Recently, encapsulation with lipid materials has gained much attention.
Lipid-protected products rely on their resistance to enzymatic attack, which maintains the integrity of the protective coat in the rumen, while it is digested by intestinal enzymes where the active core components are released.
This review will briefly discuss some aspects of microencapsulation, such as the wall material, core ingredients, encapsulation techniques, and some of their uses in ruminants’ feed technology.
Originally, most methods related to encapsulation dealt with the protection of hydrophilic compounds such as choline, amino acids, proteins, vitamins, enzymes, carbohydrates, drugs, and hormones.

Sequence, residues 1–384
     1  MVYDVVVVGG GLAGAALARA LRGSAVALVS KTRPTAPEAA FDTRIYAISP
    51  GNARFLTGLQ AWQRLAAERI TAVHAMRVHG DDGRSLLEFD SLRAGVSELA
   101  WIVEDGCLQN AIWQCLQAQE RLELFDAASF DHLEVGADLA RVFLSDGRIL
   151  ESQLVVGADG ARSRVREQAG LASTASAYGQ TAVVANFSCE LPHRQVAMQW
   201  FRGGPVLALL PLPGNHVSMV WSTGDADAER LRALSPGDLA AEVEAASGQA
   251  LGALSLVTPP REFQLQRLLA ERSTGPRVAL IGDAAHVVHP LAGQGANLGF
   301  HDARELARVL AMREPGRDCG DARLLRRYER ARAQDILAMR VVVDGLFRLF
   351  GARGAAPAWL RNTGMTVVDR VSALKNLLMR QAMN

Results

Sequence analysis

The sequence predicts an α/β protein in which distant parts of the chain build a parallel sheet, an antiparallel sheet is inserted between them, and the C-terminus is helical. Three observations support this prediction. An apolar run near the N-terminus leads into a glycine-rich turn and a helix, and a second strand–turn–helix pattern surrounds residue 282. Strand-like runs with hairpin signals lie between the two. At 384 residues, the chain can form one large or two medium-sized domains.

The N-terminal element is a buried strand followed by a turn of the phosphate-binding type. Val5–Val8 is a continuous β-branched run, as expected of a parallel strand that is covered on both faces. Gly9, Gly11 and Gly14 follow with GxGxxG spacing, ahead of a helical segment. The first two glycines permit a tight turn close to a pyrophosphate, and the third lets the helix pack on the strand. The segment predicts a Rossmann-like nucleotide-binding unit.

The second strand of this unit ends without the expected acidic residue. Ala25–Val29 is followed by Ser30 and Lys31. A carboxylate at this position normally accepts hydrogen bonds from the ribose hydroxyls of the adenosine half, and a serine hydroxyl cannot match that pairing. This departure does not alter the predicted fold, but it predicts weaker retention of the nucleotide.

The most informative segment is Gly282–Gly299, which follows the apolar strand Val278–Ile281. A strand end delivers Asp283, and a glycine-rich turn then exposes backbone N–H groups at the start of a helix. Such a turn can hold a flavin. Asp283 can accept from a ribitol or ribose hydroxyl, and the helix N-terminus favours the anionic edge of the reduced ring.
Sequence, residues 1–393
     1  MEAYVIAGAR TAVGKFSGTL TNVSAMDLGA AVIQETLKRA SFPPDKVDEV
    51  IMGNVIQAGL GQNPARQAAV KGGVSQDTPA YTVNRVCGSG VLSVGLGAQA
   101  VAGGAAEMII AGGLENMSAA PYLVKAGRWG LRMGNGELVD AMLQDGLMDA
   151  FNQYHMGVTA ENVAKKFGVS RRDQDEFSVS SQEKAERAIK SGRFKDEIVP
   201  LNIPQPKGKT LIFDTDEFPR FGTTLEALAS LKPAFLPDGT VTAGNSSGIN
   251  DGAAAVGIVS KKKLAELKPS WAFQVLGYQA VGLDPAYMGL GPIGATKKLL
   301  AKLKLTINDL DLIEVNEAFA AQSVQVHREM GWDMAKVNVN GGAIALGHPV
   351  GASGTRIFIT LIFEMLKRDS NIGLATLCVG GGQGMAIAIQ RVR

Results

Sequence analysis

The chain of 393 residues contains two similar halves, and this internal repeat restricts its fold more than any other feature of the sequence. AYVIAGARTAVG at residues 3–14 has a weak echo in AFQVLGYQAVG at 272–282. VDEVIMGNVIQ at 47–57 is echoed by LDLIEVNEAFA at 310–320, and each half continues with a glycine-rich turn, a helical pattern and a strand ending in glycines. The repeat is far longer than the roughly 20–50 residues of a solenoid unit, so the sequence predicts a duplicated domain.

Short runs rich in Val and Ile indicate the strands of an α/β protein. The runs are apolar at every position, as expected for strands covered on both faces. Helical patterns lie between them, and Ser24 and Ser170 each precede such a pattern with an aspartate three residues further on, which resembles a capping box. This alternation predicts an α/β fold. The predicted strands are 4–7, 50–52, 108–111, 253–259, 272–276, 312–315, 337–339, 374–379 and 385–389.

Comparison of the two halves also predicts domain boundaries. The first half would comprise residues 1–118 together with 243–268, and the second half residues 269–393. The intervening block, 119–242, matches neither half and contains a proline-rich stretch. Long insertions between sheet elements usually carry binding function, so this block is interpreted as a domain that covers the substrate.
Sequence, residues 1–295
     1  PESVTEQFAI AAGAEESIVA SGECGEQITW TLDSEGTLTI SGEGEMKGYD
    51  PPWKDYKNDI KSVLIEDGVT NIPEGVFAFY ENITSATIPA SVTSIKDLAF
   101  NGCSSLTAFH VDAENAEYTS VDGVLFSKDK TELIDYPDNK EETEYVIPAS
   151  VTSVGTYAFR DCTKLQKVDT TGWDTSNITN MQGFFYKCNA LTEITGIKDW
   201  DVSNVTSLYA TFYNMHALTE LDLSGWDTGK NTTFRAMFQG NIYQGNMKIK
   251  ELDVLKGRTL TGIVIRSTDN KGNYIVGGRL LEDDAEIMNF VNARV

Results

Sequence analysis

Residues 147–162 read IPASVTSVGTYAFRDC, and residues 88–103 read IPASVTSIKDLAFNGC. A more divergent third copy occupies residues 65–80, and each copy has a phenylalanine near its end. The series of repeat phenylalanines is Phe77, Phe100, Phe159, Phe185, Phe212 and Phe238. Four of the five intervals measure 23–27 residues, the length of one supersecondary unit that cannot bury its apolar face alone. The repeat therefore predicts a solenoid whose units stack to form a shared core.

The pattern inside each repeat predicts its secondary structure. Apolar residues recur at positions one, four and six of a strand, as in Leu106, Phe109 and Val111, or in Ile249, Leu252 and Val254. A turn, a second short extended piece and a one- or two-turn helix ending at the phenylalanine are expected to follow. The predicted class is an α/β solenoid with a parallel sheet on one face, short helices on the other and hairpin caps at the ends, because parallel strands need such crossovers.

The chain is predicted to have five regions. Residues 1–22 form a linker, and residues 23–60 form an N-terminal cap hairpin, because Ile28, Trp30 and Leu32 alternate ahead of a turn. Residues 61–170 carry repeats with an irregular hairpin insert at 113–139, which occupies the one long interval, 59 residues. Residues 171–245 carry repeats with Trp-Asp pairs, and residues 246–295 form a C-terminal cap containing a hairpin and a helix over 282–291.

His main area of interest is improving the nutritional value of feeds for ruminants.
His doctoral thesis was about the encapsulation of soybean meal with fats and its use in high-yielding dairy cows’ rations.
As the particles spread on the disk, a thin film of shell material is applied.
When they move toward the edge of the rotating disk through centrifugal force, the particles leave apart from the fat film and microcapsules of core-shell are formed Various techniques are now available to protect single nutrients from ruminal degradation, some of which were briefly discussed above.
In this method, the active ingredient is coated with multiple layers including an inner coating such as zein or caseinate and an outer layer consisting of a delayed-release material such as gum arabic, gelatin, ethylcellulose, or hydroxypropyl methylcellulose.
Some of the major encapsulation techniques using fats are fluidized bed coating, spray cooling/chilling, and centrifugal suspension separation.